You may have noticed a red panda gracing social media lately, sometimes with her generic, cute smile, and frequently mimicking a death metal scream. Retsuko is the latest Sanrio mascot who rose to popularity thanks to two animated series and her intense relatability among adult viewers. It wasn’t until I saw several fans on Twitter singing Aggretsuko praises that I went to see what the hype was all about, and trust me, this a show you need to watch.
I haven’t talked about it much on Anime B&B, but I’ve recently become a fan of Boruto: Next Generations despite never having watched or read Naruto. By the time I began watching anime in college, the original series already seemed too far along to try and follow. I also had the misconception of inferiority of any long-running shonen series like Naruto, One Piece, and Bleach. It’s been a long time since then, and my tastes and views have widened considerably. Now I’m fully invested in Boruto’s story, and constantly wondering about events that occurred during Naruto’s school days and whether or not the Hidden Leaf of today is truly a more prosperous place than the Hidden Leaf of yesterday.
If you follow me on Twitter, then you’ll know from last weekend and the year prior about my love for Babymetal, a Japanese group joining heavy metal with pop idol music. Babymetal began their 2018 World Tour at the start of this month, beginning in the U.S. and moving onward to Europe. My husband and I opted to attend the Austin concert on May 10th, their second stop on the tour. We had seen them perform the previous year as a participant in Pain in the Grass and as an opener for Korn. This was our chance to finally see them as the headliner amid a crowd of fans just like us. I had always wanted to visit Austin, which would also be my first trip to the state of Texas. The combination of Babymetal, and the city’s amazing music scene, food, and culture made this one of the most enjoyable and relaxing vacations we’ve taken.
Bungo Stray Dogs: Dead Apple is a side story film to a television series of the same name with two seasons under its belt. Characters and events over the course of both series are drawn upon heavily for the movie, which takes place in a re-imagined Yokohama where a small percentage of the population wields supernatural powers. A more unique aspect of the world is the literary spin on its cast, all of whom share names with literary figures from writers to poets. While some of their gifts draw inspiration from their character roles as authors, detectives, and the like, others seem to enjoy no connection. Whether or not you are familiar with the character models of these names, the story and style of BSD encourages you to partake in their adventures of crime and mystery.
With all of Star Blazers: Space Battleship Yamato 2199 now available on both Crunchyroll and Funimation, Draggle and I decided to record a special, 40-minute episode with guest Vucub of anime blog The Untold Story of Altair & Vega. Please join us in our discussion about this fantastic space opera!
01:08 Meet Vuc!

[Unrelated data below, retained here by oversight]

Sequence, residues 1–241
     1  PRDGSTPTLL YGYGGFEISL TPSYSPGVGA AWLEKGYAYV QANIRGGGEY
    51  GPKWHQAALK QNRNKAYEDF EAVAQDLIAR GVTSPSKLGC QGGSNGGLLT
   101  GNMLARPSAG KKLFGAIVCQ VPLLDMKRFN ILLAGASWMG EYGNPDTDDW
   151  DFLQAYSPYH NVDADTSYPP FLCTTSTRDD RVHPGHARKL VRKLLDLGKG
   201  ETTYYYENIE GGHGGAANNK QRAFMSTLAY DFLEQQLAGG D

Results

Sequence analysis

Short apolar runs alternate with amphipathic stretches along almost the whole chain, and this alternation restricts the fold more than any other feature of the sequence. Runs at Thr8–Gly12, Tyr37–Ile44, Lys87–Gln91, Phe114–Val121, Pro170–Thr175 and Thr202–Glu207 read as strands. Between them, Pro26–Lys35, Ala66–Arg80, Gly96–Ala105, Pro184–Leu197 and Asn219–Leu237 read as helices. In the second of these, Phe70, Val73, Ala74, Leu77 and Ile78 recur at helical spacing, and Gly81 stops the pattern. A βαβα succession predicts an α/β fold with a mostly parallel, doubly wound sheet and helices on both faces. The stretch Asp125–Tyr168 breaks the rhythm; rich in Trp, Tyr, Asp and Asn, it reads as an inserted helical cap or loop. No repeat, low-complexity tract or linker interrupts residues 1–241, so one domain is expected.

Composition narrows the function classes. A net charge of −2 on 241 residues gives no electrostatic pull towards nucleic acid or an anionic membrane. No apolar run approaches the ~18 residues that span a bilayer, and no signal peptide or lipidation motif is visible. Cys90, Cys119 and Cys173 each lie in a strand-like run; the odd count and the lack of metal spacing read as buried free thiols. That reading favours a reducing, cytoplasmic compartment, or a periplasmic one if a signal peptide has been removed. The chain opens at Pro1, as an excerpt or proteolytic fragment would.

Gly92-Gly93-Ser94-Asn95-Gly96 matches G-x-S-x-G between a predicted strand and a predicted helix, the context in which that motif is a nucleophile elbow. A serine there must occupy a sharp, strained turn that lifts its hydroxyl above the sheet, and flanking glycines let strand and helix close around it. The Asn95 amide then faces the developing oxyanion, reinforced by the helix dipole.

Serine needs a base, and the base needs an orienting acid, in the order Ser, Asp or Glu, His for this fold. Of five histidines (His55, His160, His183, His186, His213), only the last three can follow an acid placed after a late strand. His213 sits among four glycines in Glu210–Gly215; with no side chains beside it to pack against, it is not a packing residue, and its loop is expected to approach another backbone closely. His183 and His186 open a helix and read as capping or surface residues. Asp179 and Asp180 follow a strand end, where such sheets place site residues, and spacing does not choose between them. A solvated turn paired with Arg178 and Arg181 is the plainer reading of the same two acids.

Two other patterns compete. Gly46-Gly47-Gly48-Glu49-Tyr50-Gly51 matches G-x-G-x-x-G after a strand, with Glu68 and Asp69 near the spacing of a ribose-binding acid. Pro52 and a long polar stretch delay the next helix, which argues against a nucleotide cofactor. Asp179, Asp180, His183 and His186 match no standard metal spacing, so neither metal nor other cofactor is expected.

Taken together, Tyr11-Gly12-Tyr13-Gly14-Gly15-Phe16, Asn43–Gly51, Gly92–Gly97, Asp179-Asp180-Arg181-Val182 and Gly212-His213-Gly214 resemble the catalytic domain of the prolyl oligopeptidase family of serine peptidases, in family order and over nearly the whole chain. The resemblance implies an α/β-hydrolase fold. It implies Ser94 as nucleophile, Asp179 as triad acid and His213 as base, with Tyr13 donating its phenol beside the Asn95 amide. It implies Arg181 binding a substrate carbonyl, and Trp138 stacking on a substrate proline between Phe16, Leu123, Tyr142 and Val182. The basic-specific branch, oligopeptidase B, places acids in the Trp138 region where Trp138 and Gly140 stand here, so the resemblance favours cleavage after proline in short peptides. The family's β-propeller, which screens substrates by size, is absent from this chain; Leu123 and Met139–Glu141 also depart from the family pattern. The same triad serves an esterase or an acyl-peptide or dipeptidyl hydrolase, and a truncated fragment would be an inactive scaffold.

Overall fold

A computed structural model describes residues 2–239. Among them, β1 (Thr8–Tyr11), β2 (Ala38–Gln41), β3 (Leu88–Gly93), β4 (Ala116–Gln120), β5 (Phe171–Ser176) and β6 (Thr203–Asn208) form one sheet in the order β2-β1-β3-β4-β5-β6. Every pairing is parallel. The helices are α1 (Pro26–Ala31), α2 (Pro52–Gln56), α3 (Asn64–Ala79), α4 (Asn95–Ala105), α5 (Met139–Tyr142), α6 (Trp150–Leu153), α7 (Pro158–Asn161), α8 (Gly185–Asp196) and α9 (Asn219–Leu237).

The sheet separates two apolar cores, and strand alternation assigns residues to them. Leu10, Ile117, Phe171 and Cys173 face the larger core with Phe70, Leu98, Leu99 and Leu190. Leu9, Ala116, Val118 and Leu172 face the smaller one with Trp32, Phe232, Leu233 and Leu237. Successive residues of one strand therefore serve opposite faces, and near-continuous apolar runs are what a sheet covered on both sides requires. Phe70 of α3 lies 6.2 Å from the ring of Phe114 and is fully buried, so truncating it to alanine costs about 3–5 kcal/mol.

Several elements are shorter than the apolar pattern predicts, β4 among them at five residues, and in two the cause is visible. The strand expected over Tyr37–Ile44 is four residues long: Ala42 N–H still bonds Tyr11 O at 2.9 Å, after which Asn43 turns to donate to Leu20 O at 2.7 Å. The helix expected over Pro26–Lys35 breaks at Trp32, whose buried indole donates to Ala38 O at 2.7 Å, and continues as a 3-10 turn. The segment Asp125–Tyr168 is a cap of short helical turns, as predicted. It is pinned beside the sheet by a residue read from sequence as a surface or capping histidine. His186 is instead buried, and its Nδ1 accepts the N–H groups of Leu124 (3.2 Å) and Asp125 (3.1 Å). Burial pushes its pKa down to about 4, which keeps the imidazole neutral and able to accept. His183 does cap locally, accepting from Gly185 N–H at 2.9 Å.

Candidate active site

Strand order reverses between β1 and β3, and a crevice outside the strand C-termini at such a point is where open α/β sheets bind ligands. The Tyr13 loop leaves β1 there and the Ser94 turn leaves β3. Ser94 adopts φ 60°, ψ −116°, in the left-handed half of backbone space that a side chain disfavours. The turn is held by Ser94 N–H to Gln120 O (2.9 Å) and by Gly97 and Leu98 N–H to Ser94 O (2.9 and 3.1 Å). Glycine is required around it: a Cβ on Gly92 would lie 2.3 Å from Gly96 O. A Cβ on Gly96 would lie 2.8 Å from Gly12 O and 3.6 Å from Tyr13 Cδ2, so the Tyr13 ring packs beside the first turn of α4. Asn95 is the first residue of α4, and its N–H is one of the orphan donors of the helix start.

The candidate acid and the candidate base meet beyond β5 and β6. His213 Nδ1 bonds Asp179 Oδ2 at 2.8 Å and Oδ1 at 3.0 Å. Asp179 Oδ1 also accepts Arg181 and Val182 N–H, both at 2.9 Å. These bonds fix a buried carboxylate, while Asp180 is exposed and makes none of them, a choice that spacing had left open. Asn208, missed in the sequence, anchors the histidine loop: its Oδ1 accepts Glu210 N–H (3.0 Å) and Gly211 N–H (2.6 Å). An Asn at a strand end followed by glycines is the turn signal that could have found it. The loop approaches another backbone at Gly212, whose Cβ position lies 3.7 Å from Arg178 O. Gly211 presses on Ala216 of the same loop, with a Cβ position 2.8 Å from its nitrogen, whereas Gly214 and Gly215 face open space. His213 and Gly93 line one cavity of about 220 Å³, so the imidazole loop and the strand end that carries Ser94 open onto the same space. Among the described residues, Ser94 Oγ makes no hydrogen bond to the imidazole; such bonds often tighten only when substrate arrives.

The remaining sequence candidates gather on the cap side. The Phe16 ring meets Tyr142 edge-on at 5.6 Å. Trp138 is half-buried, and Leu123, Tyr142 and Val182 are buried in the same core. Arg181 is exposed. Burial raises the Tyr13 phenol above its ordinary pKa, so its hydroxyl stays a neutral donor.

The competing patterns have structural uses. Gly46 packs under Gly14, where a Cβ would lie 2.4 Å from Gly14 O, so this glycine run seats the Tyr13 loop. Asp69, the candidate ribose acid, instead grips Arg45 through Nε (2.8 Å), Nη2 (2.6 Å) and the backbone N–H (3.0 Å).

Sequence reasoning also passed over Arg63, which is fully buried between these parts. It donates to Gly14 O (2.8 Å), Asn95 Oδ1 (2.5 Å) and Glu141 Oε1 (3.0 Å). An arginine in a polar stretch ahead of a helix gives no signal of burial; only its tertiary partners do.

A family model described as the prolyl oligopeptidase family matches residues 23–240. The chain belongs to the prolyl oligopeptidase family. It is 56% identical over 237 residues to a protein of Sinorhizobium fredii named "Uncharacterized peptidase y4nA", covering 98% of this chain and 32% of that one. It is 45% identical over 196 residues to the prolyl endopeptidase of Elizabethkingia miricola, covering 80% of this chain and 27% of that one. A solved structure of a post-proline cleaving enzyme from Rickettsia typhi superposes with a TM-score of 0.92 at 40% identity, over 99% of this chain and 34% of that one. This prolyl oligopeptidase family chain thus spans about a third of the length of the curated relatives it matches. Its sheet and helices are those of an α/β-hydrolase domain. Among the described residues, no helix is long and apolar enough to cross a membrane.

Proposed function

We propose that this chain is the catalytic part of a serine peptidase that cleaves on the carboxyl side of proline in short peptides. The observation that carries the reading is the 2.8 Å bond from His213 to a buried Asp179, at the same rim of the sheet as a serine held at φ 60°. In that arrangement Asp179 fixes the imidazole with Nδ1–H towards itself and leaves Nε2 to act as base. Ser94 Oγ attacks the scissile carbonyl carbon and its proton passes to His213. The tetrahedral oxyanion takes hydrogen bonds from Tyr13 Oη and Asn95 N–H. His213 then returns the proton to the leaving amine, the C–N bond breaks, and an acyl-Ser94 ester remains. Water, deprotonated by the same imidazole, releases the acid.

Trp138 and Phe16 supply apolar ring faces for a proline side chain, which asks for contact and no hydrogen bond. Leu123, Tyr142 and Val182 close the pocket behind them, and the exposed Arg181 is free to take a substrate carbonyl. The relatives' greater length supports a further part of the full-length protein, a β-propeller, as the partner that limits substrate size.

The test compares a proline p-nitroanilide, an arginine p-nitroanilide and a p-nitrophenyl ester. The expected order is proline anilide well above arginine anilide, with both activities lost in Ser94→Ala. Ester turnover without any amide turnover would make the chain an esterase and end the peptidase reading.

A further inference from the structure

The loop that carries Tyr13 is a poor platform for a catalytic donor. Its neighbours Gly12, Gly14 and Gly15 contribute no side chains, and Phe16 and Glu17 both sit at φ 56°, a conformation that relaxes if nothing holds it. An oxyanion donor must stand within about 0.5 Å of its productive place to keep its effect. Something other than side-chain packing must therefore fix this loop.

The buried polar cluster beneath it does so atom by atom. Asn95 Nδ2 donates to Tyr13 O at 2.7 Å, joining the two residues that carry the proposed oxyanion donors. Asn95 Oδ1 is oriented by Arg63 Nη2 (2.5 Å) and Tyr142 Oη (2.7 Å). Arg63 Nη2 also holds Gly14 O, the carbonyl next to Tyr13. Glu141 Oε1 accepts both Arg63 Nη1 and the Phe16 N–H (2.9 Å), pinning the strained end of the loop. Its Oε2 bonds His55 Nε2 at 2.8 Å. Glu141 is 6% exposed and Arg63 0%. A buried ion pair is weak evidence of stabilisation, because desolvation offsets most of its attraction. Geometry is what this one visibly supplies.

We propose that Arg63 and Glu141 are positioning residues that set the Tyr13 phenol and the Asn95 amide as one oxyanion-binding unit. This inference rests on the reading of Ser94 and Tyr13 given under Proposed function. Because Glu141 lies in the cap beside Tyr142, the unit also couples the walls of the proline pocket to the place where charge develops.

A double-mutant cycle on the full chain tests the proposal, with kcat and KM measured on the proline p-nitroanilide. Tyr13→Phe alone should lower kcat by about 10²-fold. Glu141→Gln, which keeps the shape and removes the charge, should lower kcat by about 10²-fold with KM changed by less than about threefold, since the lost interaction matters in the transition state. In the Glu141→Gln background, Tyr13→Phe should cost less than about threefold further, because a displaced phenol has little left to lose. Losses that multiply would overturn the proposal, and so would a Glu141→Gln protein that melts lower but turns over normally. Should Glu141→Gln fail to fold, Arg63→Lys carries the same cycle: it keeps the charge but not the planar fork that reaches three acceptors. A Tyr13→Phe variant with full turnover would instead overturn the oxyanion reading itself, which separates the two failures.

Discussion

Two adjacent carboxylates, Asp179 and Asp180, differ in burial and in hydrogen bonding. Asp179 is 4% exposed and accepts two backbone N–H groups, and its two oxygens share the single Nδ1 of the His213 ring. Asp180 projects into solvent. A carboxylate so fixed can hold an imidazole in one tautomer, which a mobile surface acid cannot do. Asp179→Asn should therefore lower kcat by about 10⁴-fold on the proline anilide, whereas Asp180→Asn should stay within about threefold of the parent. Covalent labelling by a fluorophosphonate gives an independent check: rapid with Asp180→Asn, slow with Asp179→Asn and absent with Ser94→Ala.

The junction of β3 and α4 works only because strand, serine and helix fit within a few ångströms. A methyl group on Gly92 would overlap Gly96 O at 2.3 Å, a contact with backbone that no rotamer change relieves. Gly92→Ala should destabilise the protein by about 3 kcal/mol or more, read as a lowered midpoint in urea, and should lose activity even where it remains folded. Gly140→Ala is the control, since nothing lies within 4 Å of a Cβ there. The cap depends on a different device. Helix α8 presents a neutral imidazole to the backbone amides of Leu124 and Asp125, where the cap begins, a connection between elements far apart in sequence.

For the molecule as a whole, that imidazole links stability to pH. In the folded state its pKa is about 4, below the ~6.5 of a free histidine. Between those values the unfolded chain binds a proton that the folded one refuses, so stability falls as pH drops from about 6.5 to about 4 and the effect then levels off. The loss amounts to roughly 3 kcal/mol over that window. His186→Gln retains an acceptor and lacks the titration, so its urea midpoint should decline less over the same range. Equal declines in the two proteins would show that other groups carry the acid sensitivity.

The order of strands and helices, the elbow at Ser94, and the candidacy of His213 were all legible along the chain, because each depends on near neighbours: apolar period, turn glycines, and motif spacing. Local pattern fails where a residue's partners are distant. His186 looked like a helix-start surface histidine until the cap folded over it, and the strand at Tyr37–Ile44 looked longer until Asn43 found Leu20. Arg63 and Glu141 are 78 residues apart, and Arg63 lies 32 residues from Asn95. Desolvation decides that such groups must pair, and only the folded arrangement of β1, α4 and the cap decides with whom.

01:40 History with original Yamato and Yamato 2199
Alluring, intoxicating, hypnotic, and quite possibly fatal, Fujiko Mine is a woman who defies definition and explanation. This makes it doubly important to experience her “story” outside of the constraints of the main Lupin series, where her place and purpose are determined by those around her rather than by any tale of her own. The masterful storytelling is propped up by a precise, yet rough, art style, as well as by the jazz music that pulses through your veins from start to finish. Everything about The Woman Called Fujiko Mine exudes a cool style that perfectly presents us its namesake.
“Take a look around, and you’ll spot a bunch of autumn wonders!” -Pikari, “The Story of Autumn and a Tender Happiness”
Mangaka Kozue Amano has this wonderful ability to capture the concentrated essence of each season in her works. We see this in works like Aria, and in the currently airing Amanchu! Advance. In episode four of Advance, “The Story of Autumn and a Tender Happiness,” we step away from the usual group dynamic and follow Futaba “Teko” Ooki and Hikari “Pikari” Kohinata separately on a cool autumn day. They show us their different approaches to appreciating the fall season, as well as pull us into their dreams—Teko with a lucid dream and Pikari in her consistently upward view.
It’s all about the shows with both style and substance this week, including Megalo Box, Steins;Gate 0, and Dragon Pilot: Hisone and Masotan. Their unique art styles caught my attention at the beginning, then their settings and stories guaranteed my affections for the rest of the spring season. What are your thoughts on these anime?
The Spring 2018 season is here with a smash, thanks to a slew of heavy hitters straight from the first week. Some of them are new and exciting in their craft, while others are reliable continuations. I’ve organized my watch list by priority, but you can use the below alphabetical list to skip to the shows that interest you the most. I will of course appreciate it if you take the time to check out everything on my set menu this season.
Several years ago when my dream shifted from teaching others how to write to creating something of my own to share, writing about anime started as a way for me to keep my chops sharp. No writing session was without music—I needed it to focus and get into my flow of thought. Much of the music I listened to back then remains with me to this day, though I have added to the playlist over the years. If you have the time, I encourage you to listen to the works I link in this post.